Photo: Vusale Abbasova/Anadolu Agency via Getty Images

ProPublica on Sunday released a searchable database consisting of thousands of New York Police Department disciplinary records that state law had shielded from public view for decades.

The state of play: State lawmakers voted to repeal the statute in the wake of the police killing of George Floyd, but a federal judge issued a temporary restraining order blocking the release of the records after unions for police officers, firefighters and corrections officers sued the city. ProPublica is not a party to the lawsuit and chose to move forward with releasing the records.

What they're saying: "We are making this information public, and, with it, providing an unprecedented picture of civilians' complaints of abuse by NYPD officers as well as the limits of the current system that is supposed to hold officers accountable," wrote ProPublica's deputy managing editor Eric Umansky.

  • "We understand the arguments against releasing this data. But we believe the public good it could do outweighs the potential harm,” added editor in chief Stephen Engelberg.
  • "The database gives the people of New York City a glimpse at how allegations involving police misconduct have been handled, and allows journalists and ordinary citizens alike to look more deeply at the records of particular officers.”

The big picture: The database names active-duty officers who have had at least one allegation against them substantiated by New York’s Civilian Complaint Review Board. That's about 4,000 officers out of 36,000.

  • 303 active-duty officers have had at least five substantiated allegations against them, according to the database.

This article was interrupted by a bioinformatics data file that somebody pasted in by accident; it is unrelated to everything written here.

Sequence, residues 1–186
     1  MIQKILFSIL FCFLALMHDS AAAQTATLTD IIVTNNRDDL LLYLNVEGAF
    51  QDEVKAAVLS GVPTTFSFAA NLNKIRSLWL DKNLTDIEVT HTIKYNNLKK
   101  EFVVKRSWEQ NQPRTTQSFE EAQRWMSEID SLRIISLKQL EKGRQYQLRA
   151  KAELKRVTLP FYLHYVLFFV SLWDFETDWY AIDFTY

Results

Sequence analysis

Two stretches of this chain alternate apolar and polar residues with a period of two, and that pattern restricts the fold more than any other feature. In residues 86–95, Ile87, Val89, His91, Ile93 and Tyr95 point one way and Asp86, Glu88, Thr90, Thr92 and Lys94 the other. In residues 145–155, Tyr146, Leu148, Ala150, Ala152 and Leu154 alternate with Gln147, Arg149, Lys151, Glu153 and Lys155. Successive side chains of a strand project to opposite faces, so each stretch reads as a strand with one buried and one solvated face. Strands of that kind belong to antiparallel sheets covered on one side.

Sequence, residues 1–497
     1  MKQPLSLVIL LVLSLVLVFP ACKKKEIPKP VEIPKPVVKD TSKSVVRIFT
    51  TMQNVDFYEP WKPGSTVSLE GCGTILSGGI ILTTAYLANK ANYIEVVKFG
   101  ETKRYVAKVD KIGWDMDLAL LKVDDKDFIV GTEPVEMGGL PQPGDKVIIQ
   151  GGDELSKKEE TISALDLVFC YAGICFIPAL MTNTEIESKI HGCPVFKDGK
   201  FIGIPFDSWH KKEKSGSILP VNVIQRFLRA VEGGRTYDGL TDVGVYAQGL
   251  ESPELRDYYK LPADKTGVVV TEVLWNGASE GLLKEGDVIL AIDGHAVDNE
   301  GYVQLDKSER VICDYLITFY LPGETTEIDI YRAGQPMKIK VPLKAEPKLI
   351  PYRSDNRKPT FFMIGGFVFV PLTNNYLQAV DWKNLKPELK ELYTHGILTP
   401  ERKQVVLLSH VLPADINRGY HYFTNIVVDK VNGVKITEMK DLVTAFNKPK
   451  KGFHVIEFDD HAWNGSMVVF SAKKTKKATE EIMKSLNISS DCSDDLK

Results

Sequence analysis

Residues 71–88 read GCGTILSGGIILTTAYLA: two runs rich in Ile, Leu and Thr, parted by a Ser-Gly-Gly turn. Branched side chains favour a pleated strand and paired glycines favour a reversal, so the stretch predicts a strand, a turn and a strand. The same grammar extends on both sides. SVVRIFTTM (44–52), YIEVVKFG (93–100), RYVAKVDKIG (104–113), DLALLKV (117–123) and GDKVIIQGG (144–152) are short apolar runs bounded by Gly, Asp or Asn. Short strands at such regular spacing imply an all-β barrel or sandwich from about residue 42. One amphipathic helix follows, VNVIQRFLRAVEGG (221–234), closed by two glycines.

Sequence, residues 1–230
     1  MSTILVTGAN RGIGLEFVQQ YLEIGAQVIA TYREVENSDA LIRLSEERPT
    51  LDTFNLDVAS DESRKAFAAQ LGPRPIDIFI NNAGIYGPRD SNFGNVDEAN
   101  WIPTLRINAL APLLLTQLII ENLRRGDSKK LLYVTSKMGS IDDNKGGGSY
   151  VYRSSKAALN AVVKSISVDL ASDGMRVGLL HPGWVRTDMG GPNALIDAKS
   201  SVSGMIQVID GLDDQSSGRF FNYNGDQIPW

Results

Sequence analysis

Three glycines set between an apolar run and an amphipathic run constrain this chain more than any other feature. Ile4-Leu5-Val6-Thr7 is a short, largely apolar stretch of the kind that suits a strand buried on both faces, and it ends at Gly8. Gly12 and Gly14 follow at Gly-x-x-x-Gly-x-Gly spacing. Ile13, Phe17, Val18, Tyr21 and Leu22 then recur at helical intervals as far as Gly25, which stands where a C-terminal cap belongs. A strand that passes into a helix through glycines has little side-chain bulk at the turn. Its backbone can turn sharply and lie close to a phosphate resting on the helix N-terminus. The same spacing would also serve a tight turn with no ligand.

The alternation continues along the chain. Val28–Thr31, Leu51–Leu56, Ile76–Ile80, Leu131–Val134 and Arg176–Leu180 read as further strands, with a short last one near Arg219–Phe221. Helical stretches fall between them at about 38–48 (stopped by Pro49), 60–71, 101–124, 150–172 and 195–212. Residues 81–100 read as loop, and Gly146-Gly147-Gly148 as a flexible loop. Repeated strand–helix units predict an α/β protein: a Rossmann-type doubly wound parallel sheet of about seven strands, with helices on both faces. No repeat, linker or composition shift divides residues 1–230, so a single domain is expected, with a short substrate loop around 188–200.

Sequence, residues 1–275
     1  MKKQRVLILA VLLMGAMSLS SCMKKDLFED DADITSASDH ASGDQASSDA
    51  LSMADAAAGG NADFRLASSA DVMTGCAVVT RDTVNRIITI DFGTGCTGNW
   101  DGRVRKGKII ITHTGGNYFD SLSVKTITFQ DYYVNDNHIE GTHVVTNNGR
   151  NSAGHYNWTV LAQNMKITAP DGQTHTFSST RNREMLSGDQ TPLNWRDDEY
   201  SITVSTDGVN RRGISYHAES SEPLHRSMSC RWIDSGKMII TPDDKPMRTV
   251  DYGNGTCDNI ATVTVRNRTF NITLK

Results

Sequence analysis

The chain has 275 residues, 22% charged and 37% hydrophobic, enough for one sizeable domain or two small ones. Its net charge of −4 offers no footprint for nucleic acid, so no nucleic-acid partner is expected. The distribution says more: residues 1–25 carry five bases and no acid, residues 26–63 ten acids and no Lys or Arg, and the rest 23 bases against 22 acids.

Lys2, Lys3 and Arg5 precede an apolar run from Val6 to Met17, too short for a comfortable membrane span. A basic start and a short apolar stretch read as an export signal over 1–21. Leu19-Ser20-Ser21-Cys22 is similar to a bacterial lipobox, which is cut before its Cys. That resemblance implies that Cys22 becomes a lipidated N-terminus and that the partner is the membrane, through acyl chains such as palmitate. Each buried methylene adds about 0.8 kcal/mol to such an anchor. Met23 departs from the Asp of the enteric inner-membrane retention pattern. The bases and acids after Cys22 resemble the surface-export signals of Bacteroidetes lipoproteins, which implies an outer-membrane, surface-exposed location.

• The data describes almost 5,000 allegations of “physical force,” nearly 2,000 of “frisk” and more than 600 of “gun pointed," ProPublica points out.

The other side: "This is not a challenge to the public right to know. This is not about transparency. We are defending privacy, integrity and the unsullied reputations of thousands of hard-working public safety employees," said union spokesman Hank Sheinkopf.

Go deeper: Explore the database

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Updated Aug 12, 2020 - Politics & Policy

25 face felony charges after downtown Chicago hit by looters

Police officers inspect a damaged Best Buy in Chicago that was looted and vandalized. Photo: Scott Olson/Getty Images

Local police officers are seeking felony charges in 25 cases following the arrest of 100 people in the wake of widespread looting and property damage in Chicago on Monday, per the Washington Post.

Driving the news: Law enforcement said the event involving hundreds of people was a coordinated response after an officer shot a suspect Sunday evening, according to CBS Chicago.

Updated 5 hours ago - Politics & Policy

Coronavirus dashboard

Illustration: Aïda Amer/Axios

  1. Global: Total confirmed cases as of 9 p.m. ET: 20,755,406 — Total deaths: 752,225— Total recoveries: 12,917,934Map.
  2. U.S.: Total confirmed cases as of 9 p.m. ET: 5,246,760 — Total deaths: 167,052 — Total recoveries: 1,774,648 — Total tests: 64,831,306Map.
  3. Politics: House Democrats to investigate scientist leading "Operation Warp Speed" vaccine projectMcConnell announces Senate will not hold votes until Sept. 8 unless stimulus deal is reached.
  4. 2020: Biden calls for 3-month national mask mandateBiden and Harris to receive coronavirus briefings 4 times a week.
  5. States: Georgia Gov. Brian Kemp to drop lawsuit over Atlanta's mask mandate.
  6. Business: Why the CARES Act makes 2020 the best year for companies to lose money.
  7. Public health: Fauci's guidance on pre-vaccine coronavirus treatments Cases are falling, but don't get too comfortable.

Trump says he intends to give RNC speech on White House lawn

President Trump speaking to reporters on South Lawn in July. Photo: Jabin Botsford/The Washington Post via Getty Images

President Trump told the New York Post on Thursday that he plans to deliver his Republican National Convention speech from the White House lawn, despite bipartisan criticism of the optics and legality of the location.

Why it matters: Previous presidents avoided blurring staged campaign-style events — like party conventions — with official business of governing on the White House premises, per Politico.